Met officer's wife 'accepted mortgage scam gifts'
A Metropolitan Police officer's wife took part in a £10m mortgage scam in exchange for "gifts" worth £1m, the Old Bailey has heard.
Mary-Jane Rathie, a senior surveyor from Herts, allegedly overvalued London properties for money and high-end cars.
A Bentley Continental and Range Rover Sport were said to be registered in the name of her husband David, who worked with the central London traffic unit.
Mrs Rathie denies five allegations of fraud between May 2007 and June 2009.
She and her husband, 47, each deny a charge of concealing criminal property.
Rathie, 43, of Waltham Cross, was said to have received £900,000 in cheques and money transfers, plus the two luxury cars.
David Durose, prosecuting, said the money was used to pay off a mortgage and to buy a new property.
Mrs Rathie is alleged to have provided "dishonestly-inflated" valuations for a woman known as Joanne Pier, who used them to secure millions of pounds in mortgages from the Bank of Scotland.
The offences relate to a riverside property in Chelsea; a flat in Belgravia, near Sloane Square; and another at Chester Mews, at the back of Buckingham Palace, the jury heard.
A fourth property was in the Docklands, east London, and a fifth in Pimlico, central London.
Mr Durose said Ms Pier obtained more than £10m of loans, £9.5m of which relied on valuations by Mrs Rathie, who was managing surveyor in the Finchley office of a large firm of chartered surveyors called Ashdown Lyons.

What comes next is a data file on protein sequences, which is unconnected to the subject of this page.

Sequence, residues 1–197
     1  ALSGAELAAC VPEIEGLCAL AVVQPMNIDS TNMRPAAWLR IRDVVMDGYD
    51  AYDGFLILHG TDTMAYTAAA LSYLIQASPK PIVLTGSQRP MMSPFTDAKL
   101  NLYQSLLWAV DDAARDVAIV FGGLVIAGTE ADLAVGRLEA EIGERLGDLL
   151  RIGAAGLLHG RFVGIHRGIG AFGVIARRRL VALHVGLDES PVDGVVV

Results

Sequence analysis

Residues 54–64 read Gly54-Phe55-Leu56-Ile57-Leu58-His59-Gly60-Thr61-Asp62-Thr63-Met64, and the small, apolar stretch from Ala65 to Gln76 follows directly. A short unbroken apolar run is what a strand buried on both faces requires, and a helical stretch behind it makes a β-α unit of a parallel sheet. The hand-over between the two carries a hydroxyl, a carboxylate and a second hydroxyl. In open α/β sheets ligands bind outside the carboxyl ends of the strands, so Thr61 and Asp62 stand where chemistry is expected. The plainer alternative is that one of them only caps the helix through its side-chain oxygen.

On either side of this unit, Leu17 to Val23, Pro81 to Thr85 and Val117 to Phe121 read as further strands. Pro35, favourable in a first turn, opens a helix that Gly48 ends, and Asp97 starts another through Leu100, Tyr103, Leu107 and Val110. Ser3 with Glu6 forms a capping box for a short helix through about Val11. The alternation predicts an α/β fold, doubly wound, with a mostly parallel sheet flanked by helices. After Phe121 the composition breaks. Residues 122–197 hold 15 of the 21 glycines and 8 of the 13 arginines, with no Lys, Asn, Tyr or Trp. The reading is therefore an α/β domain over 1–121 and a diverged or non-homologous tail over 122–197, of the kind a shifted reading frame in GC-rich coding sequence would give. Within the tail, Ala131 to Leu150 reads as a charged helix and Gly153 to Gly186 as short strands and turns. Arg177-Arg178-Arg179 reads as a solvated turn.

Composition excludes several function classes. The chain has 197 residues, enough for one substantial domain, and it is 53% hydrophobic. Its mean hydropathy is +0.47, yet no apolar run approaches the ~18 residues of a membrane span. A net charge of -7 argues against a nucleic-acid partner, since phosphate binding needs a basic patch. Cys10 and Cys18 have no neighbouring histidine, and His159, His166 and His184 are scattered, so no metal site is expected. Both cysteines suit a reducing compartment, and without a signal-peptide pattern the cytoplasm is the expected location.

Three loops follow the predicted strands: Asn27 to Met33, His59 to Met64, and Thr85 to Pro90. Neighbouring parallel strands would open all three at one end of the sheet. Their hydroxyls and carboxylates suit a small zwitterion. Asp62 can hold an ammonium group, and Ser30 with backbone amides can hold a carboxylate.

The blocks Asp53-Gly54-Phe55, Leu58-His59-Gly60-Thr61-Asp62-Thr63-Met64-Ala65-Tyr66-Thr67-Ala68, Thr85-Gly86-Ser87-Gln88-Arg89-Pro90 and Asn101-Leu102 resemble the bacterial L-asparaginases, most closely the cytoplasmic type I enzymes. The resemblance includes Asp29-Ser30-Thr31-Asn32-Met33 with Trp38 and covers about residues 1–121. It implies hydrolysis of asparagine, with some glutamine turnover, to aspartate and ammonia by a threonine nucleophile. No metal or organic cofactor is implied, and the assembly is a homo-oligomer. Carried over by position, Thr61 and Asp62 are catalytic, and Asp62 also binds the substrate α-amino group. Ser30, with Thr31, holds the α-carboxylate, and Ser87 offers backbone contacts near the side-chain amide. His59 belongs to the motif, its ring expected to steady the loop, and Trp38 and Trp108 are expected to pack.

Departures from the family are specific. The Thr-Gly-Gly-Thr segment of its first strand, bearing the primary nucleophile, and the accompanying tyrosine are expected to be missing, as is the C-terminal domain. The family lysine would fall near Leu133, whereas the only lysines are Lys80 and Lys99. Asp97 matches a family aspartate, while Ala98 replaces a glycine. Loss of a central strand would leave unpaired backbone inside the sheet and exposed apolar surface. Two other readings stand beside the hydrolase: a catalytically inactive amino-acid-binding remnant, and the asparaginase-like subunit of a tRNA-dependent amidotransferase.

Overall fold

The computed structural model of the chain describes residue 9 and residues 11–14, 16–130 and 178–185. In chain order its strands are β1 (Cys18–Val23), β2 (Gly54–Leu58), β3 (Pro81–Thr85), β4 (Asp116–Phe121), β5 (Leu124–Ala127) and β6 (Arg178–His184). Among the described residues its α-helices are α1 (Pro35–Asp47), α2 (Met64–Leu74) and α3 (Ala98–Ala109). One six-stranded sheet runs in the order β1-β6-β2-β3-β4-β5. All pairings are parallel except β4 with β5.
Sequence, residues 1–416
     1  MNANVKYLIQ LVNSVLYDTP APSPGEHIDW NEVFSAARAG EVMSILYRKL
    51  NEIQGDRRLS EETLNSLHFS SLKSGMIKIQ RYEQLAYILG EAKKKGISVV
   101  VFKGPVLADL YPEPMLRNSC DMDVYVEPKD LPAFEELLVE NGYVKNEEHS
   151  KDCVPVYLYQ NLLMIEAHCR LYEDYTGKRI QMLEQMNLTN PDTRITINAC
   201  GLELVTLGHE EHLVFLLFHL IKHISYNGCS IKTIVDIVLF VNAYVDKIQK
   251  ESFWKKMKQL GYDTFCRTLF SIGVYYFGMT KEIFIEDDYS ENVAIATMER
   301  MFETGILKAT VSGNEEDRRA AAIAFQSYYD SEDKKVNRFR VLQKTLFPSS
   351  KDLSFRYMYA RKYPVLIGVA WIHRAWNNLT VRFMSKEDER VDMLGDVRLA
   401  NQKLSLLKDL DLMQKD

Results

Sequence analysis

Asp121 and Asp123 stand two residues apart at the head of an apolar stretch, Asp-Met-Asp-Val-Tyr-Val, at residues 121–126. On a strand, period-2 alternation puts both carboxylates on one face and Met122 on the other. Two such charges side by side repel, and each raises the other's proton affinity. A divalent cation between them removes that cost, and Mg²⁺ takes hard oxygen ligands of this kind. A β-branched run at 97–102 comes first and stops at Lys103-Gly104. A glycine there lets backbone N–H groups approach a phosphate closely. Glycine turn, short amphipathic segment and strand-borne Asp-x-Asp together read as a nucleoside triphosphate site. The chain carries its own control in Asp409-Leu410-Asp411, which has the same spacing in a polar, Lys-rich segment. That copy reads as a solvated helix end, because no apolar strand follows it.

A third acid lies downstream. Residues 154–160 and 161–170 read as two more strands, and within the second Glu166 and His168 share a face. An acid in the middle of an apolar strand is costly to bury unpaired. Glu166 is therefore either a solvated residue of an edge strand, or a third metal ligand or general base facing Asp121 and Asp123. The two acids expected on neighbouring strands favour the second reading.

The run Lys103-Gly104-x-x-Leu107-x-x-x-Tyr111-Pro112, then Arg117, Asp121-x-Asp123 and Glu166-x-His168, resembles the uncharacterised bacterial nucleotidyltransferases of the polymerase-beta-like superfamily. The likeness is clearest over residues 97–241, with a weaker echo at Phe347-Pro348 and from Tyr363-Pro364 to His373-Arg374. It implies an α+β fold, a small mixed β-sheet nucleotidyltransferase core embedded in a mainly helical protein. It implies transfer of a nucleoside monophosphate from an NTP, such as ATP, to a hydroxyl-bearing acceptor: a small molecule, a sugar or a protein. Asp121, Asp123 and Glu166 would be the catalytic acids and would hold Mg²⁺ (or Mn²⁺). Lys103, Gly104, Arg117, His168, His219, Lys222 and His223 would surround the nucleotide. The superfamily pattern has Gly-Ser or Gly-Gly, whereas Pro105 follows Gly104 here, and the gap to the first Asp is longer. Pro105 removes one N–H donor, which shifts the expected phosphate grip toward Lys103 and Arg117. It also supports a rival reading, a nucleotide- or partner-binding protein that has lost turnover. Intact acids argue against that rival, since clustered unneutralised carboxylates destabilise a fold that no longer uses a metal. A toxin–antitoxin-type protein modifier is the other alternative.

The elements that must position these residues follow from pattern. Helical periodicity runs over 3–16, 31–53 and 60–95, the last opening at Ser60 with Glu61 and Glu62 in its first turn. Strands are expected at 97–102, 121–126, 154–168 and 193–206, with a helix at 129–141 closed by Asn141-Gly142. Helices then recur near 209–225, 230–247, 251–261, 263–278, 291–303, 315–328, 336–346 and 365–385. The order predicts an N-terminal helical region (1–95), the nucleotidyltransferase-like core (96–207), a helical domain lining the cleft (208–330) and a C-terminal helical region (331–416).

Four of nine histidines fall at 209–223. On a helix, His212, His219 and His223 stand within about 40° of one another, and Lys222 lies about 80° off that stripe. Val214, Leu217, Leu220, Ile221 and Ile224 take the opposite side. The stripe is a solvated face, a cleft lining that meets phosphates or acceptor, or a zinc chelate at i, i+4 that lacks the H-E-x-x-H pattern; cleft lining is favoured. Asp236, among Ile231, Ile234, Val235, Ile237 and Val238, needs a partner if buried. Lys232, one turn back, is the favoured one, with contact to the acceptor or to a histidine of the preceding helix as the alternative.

Ms Pier has since left the country and cannot be found, the court heard.
In June 2007, Mrs Rathie reported to managers that Ms Pier had offered her £100,000 as a wedding present - twice her annual salary, but she had declined it as "totally inappropriate", Mr Durose said.
He added that Mrs Rathie "was able to refuse such an offer, and not only refuse it, but report it. Unfortunately six months later, the position had changed.
He said Mrs Rathie valued the Chelsea property at £4.2 million. It had been valued at £2.35m by an independent surveyor from the Bank of Scotland.
Mr Durose said the Belgravia flat was valued at £3m by Rathie, twice the figure later reached by the independent surveyor.
He told jurors that although different surveyors would give different valuations, the defendant's valuations were outside the range that could be expected.
The trial continues.